Providential precedent

We've long known that "last hired, first fired" rules cost districts cash and undermine teacher quality to boot. It's taken him his fifteen-year tenure, but Rhode Island education commissioner Peter McWalters finally agrees. He recently ordered persistently underperforming Providence to give principals more say in who's hired and who's fired and base staffing decisions on student need and teacher quality, rather than seniority. McWalters' legal cover for such a bold move--which violates the city's collective bargaining agreement with the Providence Teachers Union--is a 1997 state law that allows him to progressively become more involved in a district that's been failing for three or more years. Providence is coming up on seven. McWalters says he's just following the research. We're certainly heartened by this move but we can't help but wonder what took him so long to see the light--and notice McWalters himself is about to retire. Maybe another state chief will be bold enough to follow in McWalters' footsteps--and long before he or she has one foot out the door.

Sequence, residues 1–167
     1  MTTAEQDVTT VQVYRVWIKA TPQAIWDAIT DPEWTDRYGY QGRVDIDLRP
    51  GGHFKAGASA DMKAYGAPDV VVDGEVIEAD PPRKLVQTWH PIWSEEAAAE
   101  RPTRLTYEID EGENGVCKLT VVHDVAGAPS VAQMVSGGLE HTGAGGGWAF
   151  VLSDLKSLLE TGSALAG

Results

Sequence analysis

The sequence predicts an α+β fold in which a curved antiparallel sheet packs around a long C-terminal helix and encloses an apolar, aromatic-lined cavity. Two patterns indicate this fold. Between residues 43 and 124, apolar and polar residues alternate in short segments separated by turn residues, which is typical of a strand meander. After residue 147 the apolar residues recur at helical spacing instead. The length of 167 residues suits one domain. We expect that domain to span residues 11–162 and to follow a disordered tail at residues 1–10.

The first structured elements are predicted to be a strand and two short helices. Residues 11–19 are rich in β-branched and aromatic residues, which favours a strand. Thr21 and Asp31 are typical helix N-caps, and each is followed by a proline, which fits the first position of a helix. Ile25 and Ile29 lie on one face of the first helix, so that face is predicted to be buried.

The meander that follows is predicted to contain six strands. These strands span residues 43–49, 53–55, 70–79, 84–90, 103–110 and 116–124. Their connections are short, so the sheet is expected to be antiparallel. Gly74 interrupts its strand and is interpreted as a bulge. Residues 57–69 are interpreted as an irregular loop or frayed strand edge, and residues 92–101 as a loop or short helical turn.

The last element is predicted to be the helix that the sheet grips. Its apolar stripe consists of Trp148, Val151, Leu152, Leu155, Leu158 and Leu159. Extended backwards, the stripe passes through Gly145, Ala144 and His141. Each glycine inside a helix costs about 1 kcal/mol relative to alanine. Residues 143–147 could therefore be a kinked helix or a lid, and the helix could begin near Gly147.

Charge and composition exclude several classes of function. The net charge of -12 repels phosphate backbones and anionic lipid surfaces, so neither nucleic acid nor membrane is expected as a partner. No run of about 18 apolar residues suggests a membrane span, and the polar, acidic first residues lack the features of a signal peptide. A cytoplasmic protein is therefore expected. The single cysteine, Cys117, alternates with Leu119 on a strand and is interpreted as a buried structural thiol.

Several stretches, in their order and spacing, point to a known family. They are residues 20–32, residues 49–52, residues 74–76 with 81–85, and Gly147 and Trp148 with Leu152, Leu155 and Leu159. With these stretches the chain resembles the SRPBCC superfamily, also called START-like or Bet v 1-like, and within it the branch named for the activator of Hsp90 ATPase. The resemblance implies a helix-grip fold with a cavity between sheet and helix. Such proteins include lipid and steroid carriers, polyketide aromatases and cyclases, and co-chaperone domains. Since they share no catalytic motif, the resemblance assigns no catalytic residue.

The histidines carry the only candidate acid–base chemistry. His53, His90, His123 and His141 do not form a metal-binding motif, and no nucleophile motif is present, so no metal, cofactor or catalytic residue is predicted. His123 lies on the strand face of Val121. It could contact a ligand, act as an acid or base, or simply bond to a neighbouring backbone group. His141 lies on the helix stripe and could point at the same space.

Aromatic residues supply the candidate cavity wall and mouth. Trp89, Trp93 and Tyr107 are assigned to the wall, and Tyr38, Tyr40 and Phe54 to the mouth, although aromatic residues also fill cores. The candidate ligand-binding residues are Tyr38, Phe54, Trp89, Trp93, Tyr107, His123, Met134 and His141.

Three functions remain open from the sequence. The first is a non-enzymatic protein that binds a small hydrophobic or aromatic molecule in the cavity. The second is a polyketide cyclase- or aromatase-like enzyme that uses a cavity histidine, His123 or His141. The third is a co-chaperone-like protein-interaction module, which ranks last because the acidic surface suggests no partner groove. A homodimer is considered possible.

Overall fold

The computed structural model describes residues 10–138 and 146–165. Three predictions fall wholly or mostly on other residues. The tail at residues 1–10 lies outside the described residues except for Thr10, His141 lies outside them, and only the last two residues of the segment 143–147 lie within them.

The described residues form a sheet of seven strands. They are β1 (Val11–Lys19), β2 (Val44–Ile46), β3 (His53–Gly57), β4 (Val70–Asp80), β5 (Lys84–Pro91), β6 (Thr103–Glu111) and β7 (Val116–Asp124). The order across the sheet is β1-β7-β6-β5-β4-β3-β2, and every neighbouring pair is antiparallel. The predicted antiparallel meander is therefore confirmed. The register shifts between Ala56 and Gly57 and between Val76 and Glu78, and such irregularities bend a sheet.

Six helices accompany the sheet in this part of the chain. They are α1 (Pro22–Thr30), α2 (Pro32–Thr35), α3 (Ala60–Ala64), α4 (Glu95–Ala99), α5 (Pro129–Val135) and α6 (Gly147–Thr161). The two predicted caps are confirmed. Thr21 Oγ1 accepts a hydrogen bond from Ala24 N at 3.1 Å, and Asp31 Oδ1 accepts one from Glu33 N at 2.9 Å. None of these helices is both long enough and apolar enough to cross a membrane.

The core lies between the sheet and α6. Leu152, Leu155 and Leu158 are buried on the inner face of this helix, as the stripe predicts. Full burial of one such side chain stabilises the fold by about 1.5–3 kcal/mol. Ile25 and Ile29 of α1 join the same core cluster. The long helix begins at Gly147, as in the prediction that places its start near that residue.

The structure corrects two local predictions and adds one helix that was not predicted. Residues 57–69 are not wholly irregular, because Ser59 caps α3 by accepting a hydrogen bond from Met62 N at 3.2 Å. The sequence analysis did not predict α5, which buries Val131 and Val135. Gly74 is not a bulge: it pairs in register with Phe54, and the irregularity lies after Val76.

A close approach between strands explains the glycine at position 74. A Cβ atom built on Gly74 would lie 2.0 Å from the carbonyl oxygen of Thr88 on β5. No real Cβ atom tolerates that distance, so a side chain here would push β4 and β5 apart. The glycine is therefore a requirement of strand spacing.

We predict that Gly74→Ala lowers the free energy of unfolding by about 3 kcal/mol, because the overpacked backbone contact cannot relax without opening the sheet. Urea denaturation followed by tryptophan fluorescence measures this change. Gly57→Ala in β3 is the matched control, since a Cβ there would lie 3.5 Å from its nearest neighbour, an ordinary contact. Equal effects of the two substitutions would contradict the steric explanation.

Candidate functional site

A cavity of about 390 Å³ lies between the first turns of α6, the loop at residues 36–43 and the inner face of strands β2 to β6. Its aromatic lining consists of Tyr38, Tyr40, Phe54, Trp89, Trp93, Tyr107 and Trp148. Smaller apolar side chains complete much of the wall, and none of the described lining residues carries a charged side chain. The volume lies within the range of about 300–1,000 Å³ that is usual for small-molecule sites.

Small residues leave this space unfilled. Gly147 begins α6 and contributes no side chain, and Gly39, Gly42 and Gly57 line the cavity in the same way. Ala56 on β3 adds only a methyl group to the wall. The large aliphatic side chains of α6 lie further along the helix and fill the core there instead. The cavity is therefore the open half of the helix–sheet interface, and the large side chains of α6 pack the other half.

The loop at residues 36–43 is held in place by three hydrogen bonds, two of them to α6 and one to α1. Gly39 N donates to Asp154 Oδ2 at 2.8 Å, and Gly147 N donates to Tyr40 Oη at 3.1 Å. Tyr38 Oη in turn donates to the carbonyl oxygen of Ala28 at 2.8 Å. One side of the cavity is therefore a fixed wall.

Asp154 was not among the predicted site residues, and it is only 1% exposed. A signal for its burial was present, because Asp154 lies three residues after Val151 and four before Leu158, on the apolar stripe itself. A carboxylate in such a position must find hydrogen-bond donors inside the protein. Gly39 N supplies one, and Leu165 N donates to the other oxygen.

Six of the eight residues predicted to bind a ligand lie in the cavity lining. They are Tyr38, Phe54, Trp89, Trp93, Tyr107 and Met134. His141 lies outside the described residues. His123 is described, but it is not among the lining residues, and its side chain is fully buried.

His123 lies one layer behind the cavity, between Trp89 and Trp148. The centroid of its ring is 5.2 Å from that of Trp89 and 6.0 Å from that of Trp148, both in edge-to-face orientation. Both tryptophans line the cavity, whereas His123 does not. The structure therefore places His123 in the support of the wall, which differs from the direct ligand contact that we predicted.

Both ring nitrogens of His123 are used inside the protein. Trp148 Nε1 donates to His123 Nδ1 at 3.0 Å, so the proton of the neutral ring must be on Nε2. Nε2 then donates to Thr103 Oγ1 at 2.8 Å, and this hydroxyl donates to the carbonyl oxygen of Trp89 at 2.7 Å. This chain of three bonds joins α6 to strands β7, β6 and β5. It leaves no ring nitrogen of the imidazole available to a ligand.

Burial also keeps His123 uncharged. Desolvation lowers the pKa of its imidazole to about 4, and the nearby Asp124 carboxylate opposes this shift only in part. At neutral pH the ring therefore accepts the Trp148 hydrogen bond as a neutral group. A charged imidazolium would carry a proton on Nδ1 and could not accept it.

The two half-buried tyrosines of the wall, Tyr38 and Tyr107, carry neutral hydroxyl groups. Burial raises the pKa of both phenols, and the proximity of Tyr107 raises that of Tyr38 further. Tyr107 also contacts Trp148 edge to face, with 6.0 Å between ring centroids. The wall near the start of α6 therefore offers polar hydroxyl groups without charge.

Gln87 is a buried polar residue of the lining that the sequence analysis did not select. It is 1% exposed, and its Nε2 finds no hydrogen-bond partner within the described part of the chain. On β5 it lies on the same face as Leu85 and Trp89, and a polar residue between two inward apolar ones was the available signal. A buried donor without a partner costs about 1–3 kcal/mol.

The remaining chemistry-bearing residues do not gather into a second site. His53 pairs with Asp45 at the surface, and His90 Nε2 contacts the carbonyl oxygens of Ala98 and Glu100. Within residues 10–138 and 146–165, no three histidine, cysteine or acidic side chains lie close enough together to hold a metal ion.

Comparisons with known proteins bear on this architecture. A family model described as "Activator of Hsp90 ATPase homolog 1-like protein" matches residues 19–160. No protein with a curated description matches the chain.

"R.I. Chief Orders Providence to Relax Staffing Rules," by Stephen Sawchuck, Education Week, March 18, 2009 (subscription required)

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